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Bettina Hein on the Innovation unConference and What Makes Boston’s Innovation Scene Buzz

Bettina Hein
It’s
that time of year again – MassTLC unConference time! In fact, it’s this Friday! To get us all in the mood, we sat down
with some of Boston’s best leaders and unConference
mentors
to find out what they think
makes Boston’s innovation scene buzz and what to expect from this year’s
unConference.
First
up, Bettina Hein, Founder and CEO of Pixability. Bettina has entrepreneurship in
her blood, dating back at least as far as her German grandfather. Bettina is a
fixture on the Boston start-up scene, and serves as a role model for other
female entrepreneurs, starting the ShEO Network with Zipcar founder Robin
Chase. Her take on the Boston start-up scene below:
What makes Boston an innovation hub?
The
unique thing about Boston is the large concentration of educational
institutions. That creates many graduates who are prime suspects for founding
new businesses, working in new businesses, and just making our start-up economy
so vibrant.
How is innovation evolving in Boston and where
is it heading next? 
I am
really bullish on the Boston innovation ecosystem because of the number of
companies being started here, as well as the number of support initiatives we
have access to, like TechStars, Mass Challenge and the BREW
entrepreneurship week
. Each
of these programs support young companies. I believe that Boston will be home
to the next billion-dollar tech startup.
Are there any elements that we lack that would
make our ecosystem thrive even more? 
Yes! There
is a very concrete element missing – high-speed rail access to New York. I believe
there is an innovation corridor between Boston and New York, as so many
companies who have headquarters in NY, not to mention the vibrant media hub
there.
The
commercial orientation of New York married with the cerebral qualities of
Boston makes for an extended metro area of innovation. But to link that
strongly, we urgently need the Acela to take one and a half hours, not three
and a half.
What advice would you give young female
entrepreneurs just starting out?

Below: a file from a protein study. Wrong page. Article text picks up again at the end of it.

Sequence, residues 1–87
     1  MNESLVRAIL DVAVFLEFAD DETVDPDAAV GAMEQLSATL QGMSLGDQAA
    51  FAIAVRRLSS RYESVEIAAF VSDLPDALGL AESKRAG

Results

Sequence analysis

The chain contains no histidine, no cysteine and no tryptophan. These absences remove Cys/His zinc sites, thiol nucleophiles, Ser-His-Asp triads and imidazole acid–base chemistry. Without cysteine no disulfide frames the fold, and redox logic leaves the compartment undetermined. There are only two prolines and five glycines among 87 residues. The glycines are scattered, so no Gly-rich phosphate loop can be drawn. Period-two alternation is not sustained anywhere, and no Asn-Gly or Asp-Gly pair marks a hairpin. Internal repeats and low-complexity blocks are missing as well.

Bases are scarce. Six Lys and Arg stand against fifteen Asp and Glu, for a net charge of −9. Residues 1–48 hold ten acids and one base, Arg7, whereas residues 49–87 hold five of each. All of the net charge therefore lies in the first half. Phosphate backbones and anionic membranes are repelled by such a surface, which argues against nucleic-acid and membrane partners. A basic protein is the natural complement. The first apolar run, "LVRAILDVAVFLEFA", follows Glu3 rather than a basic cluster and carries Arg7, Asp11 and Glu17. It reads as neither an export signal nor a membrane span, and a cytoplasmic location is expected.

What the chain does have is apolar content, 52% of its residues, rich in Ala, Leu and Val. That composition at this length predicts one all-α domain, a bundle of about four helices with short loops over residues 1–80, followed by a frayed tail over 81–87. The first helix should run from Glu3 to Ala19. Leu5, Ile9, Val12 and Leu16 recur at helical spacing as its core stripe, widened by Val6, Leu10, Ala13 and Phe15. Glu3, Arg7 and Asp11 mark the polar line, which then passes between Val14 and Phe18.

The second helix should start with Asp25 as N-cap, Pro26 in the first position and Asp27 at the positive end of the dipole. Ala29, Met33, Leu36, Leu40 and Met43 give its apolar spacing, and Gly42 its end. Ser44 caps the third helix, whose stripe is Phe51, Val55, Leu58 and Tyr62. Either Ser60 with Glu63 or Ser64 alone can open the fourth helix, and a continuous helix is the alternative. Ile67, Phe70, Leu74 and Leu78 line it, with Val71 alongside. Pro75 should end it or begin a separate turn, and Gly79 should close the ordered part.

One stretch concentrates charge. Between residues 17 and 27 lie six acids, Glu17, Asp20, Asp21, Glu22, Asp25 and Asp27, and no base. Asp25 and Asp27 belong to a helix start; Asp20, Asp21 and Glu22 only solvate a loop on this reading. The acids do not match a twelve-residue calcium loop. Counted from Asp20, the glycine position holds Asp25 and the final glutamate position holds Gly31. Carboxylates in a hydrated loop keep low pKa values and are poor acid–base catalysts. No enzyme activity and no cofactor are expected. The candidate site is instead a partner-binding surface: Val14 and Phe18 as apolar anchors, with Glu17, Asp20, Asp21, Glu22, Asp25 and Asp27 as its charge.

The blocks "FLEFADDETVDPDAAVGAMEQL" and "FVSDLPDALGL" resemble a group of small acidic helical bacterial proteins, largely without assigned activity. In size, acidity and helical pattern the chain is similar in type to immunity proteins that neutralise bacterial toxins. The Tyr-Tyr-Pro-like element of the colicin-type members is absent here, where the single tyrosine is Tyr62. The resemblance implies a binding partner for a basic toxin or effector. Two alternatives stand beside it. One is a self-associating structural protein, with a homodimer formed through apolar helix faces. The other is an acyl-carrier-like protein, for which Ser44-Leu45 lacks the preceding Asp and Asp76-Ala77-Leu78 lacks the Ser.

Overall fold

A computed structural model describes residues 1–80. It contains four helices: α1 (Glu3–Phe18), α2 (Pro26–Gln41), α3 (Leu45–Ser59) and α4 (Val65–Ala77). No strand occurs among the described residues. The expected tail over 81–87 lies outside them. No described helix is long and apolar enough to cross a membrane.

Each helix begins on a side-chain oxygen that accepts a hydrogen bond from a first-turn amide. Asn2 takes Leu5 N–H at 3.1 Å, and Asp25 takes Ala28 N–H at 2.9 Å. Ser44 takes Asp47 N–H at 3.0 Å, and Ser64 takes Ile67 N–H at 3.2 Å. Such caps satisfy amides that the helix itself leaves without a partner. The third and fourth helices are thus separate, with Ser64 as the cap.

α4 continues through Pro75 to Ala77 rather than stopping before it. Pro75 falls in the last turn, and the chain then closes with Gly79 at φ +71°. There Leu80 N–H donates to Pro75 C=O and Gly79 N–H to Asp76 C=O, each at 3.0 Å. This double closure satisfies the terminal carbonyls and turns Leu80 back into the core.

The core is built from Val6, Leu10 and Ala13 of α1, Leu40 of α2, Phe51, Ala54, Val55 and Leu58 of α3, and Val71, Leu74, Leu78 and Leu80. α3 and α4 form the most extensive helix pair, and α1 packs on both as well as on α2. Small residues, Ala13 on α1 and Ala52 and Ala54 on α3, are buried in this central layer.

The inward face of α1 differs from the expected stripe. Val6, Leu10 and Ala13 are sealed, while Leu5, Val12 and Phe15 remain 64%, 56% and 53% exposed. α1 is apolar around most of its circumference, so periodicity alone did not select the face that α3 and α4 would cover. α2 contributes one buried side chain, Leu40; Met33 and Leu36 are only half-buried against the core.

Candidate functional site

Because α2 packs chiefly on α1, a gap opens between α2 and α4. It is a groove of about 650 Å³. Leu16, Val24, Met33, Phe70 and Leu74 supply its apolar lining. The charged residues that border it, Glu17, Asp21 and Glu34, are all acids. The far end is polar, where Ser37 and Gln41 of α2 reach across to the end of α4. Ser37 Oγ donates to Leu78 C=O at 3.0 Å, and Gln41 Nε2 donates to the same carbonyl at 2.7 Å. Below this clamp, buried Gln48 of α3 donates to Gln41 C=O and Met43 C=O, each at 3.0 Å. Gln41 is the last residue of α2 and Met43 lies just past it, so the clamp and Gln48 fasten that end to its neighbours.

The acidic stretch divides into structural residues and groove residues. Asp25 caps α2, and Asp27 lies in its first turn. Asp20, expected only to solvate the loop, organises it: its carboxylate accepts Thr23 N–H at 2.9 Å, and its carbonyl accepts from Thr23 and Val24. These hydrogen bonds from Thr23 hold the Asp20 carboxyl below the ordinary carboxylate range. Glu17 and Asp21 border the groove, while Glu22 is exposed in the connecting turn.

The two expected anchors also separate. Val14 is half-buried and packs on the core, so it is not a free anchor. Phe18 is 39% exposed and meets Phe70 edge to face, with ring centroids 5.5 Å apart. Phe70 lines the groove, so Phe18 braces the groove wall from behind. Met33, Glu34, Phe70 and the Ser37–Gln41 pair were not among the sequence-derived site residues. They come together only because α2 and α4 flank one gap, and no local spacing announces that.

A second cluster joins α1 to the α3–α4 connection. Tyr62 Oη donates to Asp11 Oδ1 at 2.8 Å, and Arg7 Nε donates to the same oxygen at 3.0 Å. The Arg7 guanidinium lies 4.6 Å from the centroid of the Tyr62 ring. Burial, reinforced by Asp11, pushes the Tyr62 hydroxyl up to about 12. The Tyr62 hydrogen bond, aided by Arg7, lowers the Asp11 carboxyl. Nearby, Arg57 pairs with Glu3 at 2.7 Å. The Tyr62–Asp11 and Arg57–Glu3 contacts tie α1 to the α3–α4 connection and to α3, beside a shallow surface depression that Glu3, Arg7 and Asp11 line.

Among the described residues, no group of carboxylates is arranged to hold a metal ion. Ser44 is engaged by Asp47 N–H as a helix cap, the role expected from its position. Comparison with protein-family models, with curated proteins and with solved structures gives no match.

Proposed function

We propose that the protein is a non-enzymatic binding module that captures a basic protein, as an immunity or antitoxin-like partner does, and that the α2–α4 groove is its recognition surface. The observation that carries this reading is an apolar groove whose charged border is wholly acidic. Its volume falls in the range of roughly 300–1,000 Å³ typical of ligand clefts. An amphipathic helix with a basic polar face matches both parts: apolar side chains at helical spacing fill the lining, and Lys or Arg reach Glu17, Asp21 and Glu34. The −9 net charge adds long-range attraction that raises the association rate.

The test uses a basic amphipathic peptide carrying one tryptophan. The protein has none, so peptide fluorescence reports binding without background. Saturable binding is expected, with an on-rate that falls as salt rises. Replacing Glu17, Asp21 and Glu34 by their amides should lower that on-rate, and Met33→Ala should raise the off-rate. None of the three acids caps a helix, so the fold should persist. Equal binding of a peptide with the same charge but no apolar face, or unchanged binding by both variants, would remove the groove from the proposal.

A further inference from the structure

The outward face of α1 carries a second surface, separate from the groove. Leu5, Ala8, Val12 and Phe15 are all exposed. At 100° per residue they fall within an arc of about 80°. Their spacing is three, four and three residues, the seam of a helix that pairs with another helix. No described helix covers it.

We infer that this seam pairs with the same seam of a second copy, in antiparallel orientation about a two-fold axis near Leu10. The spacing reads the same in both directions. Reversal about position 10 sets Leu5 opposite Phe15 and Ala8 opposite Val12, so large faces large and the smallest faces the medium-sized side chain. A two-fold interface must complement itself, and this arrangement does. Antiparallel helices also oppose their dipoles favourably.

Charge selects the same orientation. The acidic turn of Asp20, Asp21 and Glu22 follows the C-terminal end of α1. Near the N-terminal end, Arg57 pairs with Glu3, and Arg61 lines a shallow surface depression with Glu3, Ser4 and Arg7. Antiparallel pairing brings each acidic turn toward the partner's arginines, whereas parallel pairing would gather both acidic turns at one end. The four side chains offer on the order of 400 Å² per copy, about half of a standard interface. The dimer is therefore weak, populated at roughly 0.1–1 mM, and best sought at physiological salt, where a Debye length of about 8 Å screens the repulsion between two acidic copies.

I’d give
the same advice to both male and female entrepreneurs, though often women need
to be edged on a little bit more. Just
go do it.
Don’t
wait for this next nugget of experience or this certification or this Master’s
degree that you think you need to become an entrepreneur. Go out, do it and get
the experience. Education and experience are great, but you don’t learn to
become an entrepreneur by studying it from afar.
What brings you back to the unConference each
year? 
I love
that the unConference is like a hive – it’s so alive with conversations and brings
people together the way a conference should. It’s egalitarian- no people on
pedestals with adoring onlookers, but rather people interacting on a peer-to-peer
level. Individual ideas count – more than being selected by a committee of people
who say this person should be on stage, but this person cannot.
As a previous mentor, what do you enjoy most
about mentoring? 
For me,
I so enjoy helping someone make progress in his or her entrepreneurial journey.
It could be on a personal level, where you tell people about your own journey
and share. Or it may be about sharing industry facts that the mentee needs to know.
It gives me a lot of satisfaction if I can help someone become a better
entrepreneur or found a better company.
How can entrepreneurs make the most of this
year’s unConference? 
Prepare.
Look at the mentors to determine who might be able to help your company take a
step forward.
But once
you’re there don’t get too hung up on that.  Look for the people that you wanted to talk to,
but keep an open mind as to who else could contribute to your success. Go a bit
with the flow.
Thanks
for your great insights, Bettina. We look forward to seeing you THIS FRIDAY,
November 16 at the Hynes Convention Center for the MassTLC
unConference

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